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Pioneers blazed the trail and settled in Tennessee

One dictionary definition of “Pioneer” is “one of the first to settle in a territory.” Another definition is “a person who is among those who first enter or settle a region,” thus opening it for occupation and development by others. Tennessee was settled by a courageous, independent type of people that could correctly be called Pioneers. Life was rough and dangerous, but the dream of a better life drove men and women to come to what is now Tennessee. They came mainly from Virginia and North Carolina with a few from Pennsylvania. A man named John Honeycutt was one of the earliest explorers and settlers in what is now Johnson County, Tennessee. Later Daniel Boone, who was a “Long Hunter,” led expeditions into Tennessee. Long hunters were so named due to their length of travel and extensive stay in the wilderness. While Boone was not a settler, he founded settlements in Kentucky and made it possible for others to do so. He was interested in encouraging settlement in the western frontier. Boone came through what is now Johnson County more than once as he blazed a trail to Kentucky. It has long been held that Boone came through what is now Zionville, North Carolina; Boone, North Carolina; Trade, Tennessee; Mountain City, Tennessee; Laurel Bloomery, Tennessee; and Damascus, Virginia on one or more of his treks.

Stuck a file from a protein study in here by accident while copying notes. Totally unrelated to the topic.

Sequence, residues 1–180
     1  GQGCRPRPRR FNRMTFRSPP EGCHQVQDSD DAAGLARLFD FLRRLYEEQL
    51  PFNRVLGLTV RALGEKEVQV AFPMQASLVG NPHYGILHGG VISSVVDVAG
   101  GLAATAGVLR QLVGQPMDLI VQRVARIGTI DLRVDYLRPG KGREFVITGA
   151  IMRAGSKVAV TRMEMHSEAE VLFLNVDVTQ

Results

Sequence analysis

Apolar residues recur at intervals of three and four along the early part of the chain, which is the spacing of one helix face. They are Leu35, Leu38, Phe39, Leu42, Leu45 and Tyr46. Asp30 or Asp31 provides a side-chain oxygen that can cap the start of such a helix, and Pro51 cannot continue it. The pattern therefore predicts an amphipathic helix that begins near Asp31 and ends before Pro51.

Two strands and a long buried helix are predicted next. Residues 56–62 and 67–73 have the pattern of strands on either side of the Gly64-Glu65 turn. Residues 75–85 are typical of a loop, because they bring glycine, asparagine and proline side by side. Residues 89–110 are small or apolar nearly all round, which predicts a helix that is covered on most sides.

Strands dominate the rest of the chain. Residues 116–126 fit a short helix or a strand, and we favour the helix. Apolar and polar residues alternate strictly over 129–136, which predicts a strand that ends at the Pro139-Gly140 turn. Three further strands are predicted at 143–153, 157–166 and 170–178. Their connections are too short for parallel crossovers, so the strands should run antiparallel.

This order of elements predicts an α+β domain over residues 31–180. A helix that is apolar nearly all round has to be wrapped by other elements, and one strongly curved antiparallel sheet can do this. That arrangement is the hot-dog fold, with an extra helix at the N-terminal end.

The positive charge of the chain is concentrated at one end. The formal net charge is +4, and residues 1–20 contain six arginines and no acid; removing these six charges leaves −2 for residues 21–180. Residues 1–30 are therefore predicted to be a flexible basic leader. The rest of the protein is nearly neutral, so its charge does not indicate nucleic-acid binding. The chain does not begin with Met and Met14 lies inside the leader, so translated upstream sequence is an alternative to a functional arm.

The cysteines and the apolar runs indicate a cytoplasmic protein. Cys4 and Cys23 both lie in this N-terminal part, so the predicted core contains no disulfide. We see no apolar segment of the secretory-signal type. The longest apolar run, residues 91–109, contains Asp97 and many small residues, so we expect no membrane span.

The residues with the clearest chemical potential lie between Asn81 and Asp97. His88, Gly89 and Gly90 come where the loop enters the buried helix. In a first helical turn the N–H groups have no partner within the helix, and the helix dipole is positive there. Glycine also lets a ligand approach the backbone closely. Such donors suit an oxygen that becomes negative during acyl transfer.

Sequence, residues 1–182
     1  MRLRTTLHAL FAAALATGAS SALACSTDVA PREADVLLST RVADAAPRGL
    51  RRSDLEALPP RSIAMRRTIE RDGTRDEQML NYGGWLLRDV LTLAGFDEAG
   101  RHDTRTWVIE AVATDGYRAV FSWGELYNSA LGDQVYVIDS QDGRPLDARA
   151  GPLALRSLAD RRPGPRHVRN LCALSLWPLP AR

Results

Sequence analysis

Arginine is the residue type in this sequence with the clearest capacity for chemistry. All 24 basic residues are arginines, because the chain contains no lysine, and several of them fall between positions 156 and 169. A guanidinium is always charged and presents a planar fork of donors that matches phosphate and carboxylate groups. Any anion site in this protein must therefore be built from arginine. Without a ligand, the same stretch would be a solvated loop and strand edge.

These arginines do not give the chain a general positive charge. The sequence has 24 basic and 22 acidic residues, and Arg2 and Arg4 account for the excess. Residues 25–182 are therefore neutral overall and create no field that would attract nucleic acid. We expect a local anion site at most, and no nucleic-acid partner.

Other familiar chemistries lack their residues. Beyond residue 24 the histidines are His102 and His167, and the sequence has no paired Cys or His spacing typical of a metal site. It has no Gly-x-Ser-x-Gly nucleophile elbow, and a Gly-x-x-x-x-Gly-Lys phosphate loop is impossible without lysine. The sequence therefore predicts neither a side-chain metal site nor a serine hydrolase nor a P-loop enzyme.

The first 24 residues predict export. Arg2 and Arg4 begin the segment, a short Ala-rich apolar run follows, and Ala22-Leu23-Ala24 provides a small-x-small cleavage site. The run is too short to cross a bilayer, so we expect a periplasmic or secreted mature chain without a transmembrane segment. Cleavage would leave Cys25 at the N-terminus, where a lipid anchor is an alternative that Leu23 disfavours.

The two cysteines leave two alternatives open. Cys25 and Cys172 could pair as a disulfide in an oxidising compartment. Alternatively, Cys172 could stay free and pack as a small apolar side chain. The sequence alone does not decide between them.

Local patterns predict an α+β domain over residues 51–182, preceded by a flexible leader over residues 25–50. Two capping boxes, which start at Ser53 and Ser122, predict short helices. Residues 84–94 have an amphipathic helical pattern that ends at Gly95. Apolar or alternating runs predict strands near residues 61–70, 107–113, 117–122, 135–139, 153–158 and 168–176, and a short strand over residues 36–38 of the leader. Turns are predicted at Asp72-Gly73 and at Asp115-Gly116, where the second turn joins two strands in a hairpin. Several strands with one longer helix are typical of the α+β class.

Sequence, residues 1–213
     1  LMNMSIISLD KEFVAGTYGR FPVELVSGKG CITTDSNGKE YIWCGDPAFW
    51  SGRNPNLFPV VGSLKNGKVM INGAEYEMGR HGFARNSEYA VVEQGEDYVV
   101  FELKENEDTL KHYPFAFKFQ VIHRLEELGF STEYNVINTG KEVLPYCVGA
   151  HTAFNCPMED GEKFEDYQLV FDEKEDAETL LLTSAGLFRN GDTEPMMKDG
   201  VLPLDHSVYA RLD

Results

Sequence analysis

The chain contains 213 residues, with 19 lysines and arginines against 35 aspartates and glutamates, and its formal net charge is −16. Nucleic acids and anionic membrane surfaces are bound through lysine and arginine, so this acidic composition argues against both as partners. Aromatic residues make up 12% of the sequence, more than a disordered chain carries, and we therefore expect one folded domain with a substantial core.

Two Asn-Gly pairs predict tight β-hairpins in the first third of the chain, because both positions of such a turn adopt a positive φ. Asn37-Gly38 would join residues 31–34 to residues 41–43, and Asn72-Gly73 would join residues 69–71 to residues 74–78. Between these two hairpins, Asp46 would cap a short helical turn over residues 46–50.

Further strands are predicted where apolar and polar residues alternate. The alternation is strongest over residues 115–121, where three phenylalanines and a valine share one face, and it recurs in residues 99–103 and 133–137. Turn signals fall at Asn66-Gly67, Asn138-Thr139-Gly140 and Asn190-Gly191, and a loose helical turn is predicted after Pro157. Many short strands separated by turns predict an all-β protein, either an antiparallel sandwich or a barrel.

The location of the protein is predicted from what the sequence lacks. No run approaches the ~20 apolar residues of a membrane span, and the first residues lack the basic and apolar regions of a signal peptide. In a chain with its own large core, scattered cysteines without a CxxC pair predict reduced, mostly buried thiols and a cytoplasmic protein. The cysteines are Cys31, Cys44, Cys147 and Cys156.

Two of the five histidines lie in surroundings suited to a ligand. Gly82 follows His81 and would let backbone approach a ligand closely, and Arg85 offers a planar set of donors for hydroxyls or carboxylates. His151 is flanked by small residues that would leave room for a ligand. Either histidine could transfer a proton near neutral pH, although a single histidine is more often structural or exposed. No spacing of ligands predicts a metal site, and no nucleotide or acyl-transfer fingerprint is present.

James Millican also came to what is now Johnson County, bringing some tools and other needed items as he settled in the verdant land that would later become Johnson County and East Tennessee. Another visitor to the area was James Robertson. Robertson was not a permanent settler, but he stayed for one growing season. After that he continued on to what would become Middle Tennessee. Robertson was called the “Father of Tennessee” due to his work in settling Middle Tennessee. Other pioneers followed. Pioneers who settled in the area were attracted to the beauty and rich soil that was abundant in Johnson County, Tennessee. Of course, one of the first things they did was to clear an area of trees and build a log cabin. The rifle and the axe were tools that were indispensible to the pioneers and their way of life. There was no formal schooling but there was learning nevertheless. A knowledge and skill of hunting, tracking, growing seed, and hewing was needful to survive in the harsh wilderness. The skill of hunting, growing, and tracking provided the food and clothing. The knowledge of best use of the axe was used to build lean-tos and cabins and other wooden items. It was a difficult life but settlers chose it due to their independent nature and to their quest for more space, their need for new ground and some for their dissatisfaction with their political leaders from where they came.